The identity of Prime Minister Benjamin Netanyahu's associate who was detained as a suspect in the submarine graft case has been revealed as the prime minister's personal lawyer, David Shimron.
Deals for Germany to sell Israel three submarines and naval boats are the focus of two police investigations into possible wrongdoing involving Shimron, a former Israeli admiral, a former high-ranking Israeli defense official and German shipbuilder ThyssenKrupp's representative in Israel.
Shimron, who was interrogated for a third time on Wednesday morning and is currently under house arrest, is also the attorney for businessman Michael Ganor, ThyssenKrupp's local representative. Ganor was arrested on Monday on suspicion of bribery, money laundering, fraud and conspiracy. Police has not yet publicly said what Shimron is suspected of.
The police are looking into allegations that Shimron, who is also the prime minister's cousin, lobbied defense officials on behalf of ThyssenKrupp for a multimillion dollar submarine sale to Israel. Netanyahu himself has not so far been considered a suspect in the affair, but he is expected to be called to testify.
With regard to Shimron’s house arrestJudge Einat Ron, the president of the Central District Magistrate's Court, said Tuesday that the evidence gathered suggests that Shimron is only linked to some of the matters under investigation, but she added that it indicates a reasonable suspicion of wrongdoing by Shimron.
"Despite a difficult situation, from a personal and a professional standpoint, attorney David Shimron is very much relieved that he is finally being given an opportunity to present his full side to law enforcement agencies," Shimron's attorney, Amit Hadad, said on his behalf. "Shimron was acting in accordance with the law. He fully cooperated with his interrogators and is certain that the legal authorities will reach the same conclusion."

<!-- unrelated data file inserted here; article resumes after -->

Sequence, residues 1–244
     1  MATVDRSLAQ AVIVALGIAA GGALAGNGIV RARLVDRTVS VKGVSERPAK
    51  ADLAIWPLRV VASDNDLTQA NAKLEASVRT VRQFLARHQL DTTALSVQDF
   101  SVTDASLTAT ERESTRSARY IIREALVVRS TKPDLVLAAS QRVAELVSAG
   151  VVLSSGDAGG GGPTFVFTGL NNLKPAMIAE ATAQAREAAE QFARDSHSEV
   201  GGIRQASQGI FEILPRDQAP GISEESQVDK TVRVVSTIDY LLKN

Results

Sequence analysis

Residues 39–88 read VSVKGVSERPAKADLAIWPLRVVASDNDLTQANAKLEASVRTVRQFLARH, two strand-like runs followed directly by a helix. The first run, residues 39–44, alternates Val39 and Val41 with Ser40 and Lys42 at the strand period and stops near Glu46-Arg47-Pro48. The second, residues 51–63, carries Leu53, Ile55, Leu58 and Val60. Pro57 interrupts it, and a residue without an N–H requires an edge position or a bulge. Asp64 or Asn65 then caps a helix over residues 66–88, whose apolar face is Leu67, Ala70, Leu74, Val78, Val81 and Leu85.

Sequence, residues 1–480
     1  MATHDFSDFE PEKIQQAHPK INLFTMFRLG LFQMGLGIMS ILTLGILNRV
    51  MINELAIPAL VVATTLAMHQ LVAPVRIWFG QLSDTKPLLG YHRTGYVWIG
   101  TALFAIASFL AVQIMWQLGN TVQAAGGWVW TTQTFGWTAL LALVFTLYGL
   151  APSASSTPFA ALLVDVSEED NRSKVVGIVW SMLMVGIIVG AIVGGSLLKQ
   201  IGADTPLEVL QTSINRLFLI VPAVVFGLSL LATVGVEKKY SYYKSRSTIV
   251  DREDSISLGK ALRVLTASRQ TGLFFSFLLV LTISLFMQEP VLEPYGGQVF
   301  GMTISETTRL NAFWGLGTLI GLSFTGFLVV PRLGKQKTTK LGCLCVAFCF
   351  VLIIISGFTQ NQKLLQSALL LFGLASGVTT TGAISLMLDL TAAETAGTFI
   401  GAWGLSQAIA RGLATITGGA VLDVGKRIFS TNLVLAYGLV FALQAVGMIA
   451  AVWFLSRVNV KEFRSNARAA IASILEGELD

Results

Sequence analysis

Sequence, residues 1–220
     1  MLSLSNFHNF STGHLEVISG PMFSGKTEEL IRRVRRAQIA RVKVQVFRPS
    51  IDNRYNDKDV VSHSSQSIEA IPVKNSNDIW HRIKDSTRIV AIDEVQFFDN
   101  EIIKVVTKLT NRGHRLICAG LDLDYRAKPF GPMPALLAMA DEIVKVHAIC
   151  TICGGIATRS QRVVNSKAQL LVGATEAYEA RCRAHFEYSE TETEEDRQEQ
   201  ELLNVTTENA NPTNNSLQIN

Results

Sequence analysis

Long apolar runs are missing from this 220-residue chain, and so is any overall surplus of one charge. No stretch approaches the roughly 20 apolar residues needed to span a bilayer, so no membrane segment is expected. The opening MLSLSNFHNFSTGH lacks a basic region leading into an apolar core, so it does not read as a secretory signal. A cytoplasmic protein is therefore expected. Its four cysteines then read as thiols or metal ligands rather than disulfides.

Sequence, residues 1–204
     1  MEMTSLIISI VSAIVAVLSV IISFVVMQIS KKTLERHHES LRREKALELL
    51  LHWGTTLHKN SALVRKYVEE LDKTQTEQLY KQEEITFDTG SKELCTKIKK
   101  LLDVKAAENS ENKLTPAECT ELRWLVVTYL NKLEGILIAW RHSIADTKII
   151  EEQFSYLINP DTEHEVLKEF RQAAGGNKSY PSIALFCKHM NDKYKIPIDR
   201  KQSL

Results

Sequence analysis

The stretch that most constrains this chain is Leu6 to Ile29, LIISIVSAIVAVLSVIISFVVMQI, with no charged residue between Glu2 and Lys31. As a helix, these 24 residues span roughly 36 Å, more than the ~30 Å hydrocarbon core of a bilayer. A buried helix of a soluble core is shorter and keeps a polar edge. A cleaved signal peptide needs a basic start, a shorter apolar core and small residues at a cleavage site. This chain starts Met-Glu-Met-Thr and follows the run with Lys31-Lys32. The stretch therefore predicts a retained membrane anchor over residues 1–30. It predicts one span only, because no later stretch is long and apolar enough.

In another development in the case, which has been dubbed Case 3000, the former commander of the Israel Navy, Maj. Gen. (res.) Eliezer Marom, has also been questioned on suspicion of bribe-taking. The police are looking into whether Marom is behind bank accounts in Cyprus to which money was transferred that officials suspect may have been used to pay bribes. Law enforcement officials are also seeking to find out whether Marom, who is now chairman of the Israel Airports Authority, acted to replace the previous representative in Israel for ThyssenKrupp with Ganor.
According to reports on Channel 10 and in Ma’ariv, the former representative, Yeshayahu Barkat, claimed that when Marom was navy chief, he told the head of ThyssenKrupp, who was visiting Israel, that he would not meet with him in Barkat’s presence. Marom, along with former IDF chief of staff Gabi Ashkenazi, opposed the purchase of a sixth submarine for the navy.
Marom’s attorney, Zion Amir, said: “Maj. Gen. Eli Marom is pleased that we have finally reached the stage of an open investigation, and that he is being given the opportunity to answer the questions presented to him. We have no doubt that the police investigation will unequivocally prove his innocence and the fact that his conduct has been flawless.”
Another person who was detained on Monday is Avriel Bar-Yosef, a former deputy national security adviser who played a key role in formulating the professional opinion supporting the deal. Bar-Yosef is suspected of bribery, money laundering, breach of trust and conspiracy to commit a crime. Ganor And Bar-Yosef will be again brought in front a judge on Thursday.
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